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July 2, 2020

Whether GST Registration is required for medical store run by Charitable Trust?

Whether GST Registration is required for medical store run by Charitable Trust?

Under GST law, Section 9 levies tax on intra-state supply of goods or service or both and the scope of supply is defined in Section-7 which is reproduced hereunder

Section-7 (1) for the purposes of this Act, the expression “supply” includes:

  1. all forms of supply of goods or services or both such as sale, transfer, barter, exchange, license, rental, lease or disposal made or agreed to be made for a consideration by a person in the course or furtherance of business
  2. Import of services for a consideration whether or not in the course or furtherance of business
  3. The activities specified in Schedule I, made or agreed to be made without a consideration
  4. The activities to be treated as supply of goods or supply of services as referred to in Schedule II.

(2) Notwithstanding anything contained in sub-section (1),–– (a) Activities or transactions specified in Schedule III; or (b) such activities or transactions undertaken by the Central Government, a State Government or any local authority in which they are engaged as public authorities, as may be notified by the Government on the recommendations of the Council shall be treated neither as a supply of goods nor a supply of services. (3) Subject to the provisions of sub-sections (1) and (2), the Government may, on the recommendations of the Council, specify, by notification, the transactions that are to be treated as— (a) A supply of goods and not as a supply of services; or (b) A supply of services and not as a supply of goods.

The term ‘business’ is defined in Section 2(17), business is basically:-

  1. Any trade, commerce, manufacture, profession, vocation, adventure, wager or any other similar activity, whether or not it is for a pecuniary benefit
  2. Any activity or transaction in connection with or incidental or ancillary to sub-clause (a)
  3. Any activity or transaction in the nature of sub-clause (a), whether or not there is volume, frequency, continuity or regularity of such transaction
  4. Supply or acquisition of goods including capital goods and services in connection with commencement or closure of business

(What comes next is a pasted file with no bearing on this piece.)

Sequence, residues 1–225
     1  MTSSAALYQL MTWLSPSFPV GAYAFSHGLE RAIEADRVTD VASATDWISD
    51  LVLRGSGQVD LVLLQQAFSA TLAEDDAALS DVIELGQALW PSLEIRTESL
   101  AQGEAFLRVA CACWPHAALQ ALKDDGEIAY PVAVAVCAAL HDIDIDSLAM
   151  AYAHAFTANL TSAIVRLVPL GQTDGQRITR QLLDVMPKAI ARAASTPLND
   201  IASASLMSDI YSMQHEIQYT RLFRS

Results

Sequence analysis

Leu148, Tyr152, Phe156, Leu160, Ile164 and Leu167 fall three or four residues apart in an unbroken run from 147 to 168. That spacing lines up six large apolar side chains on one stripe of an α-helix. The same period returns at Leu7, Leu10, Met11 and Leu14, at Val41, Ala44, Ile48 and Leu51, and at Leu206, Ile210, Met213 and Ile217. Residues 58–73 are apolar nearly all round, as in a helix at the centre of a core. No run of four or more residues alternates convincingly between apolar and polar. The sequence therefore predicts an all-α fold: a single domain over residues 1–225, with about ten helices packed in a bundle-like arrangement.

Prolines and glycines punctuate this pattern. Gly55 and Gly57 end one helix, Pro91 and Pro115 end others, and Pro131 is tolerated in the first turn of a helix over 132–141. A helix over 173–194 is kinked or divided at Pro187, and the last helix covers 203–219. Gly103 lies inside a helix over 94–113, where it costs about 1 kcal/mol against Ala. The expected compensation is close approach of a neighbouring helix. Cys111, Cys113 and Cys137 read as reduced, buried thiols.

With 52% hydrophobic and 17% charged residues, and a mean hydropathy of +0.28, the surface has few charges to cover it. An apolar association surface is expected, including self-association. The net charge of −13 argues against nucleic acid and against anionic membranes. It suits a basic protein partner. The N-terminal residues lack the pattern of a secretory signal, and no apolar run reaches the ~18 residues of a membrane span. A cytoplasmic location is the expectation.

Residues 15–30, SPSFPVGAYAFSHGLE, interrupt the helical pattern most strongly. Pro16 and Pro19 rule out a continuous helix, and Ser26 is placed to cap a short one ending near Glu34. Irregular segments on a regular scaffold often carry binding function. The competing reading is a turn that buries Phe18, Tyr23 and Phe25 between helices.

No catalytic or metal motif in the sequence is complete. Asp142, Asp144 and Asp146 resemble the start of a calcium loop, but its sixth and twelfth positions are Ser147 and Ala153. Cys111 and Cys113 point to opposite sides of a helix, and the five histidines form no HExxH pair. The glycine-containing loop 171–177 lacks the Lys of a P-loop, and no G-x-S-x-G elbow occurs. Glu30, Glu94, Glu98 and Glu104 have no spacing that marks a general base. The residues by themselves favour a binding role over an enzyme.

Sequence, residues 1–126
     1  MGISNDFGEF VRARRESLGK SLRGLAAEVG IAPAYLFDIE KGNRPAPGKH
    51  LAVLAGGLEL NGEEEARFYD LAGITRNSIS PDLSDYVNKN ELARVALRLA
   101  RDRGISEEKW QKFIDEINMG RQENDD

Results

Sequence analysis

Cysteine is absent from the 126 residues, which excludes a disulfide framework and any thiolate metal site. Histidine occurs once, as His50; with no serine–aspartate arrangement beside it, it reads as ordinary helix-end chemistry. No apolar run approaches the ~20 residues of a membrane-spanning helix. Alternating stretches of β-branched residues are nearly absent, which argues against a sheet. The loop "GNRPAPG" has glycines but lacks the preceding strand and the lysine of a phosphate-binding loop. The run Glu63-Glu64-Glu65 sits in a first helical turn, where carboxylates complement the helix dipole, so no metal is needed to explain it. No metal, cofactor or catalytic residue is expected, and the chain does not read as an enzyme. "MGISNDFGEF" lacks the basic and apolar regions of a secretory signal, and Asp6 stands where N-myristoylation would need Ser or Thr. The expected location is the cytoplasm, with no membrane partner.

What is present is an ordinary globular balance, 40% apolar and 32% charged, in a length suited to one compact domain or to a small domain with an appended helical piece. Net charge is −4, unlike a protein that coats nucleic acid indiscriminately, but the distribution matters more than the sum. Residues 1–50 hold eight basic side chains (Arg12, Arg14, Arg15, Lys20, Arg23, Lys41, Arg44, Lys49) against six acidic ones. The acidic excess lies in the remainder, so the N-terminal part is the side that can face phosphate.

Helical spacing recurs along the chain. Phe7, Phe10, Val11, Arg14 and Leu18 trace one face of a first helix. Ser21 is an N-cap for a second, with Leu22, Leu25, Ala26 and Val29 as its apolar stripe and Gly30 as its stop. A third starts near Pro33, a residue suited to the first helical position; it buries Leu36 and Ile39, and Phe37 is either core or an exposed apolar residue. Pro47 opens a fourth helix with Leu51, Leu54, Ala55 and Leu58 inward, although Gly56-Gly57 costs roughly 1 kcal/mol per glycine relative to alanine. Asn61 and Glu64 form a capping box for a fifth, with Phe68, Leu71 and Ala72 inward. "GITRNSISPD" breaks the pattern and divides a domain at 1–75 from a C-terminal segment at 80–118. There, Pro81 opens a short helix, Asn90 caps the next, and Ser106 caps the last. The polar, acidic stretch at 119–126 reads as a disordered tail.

5. Provision by a club, association, society, or any such body (for a subscription or any other consideration) of the facilities or benefits to its members
  6. Admission, for a consideration, of persons to any premises
  7. Services supplied by a person as the holder of an office which has been accepted by him in the course or furtherance of his trade, profession or vocation
  8. Services provided by a race club by way of totalisator or a licence to book maker in such club
  9. Any activity or transaction undertaken by the Central Government, a State Government or any local authority in which they are engaged as public authorities.

Facts of the Case

The applicant is a Charitable Trust and is running a medical store where medicines are given at a lower rate and the motive of the trust is not profit.

The applicant has submitted that all forms of supply should be in the course or furtherance of business and their trust is a Charitable Trust and a person as per Section- 2(84) (m) of the Act; that therefore, the liability to GST for sale of medicine is required to be examined to ascertain whether the sale of medicines is in the course of furtherance of business or not.

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Questions raised at advance ruling:-

Whether GST Registration is required for medical store run by Charitable Trust?

Whether medical Store providing medicines at a lower rate amounts to supply of goods?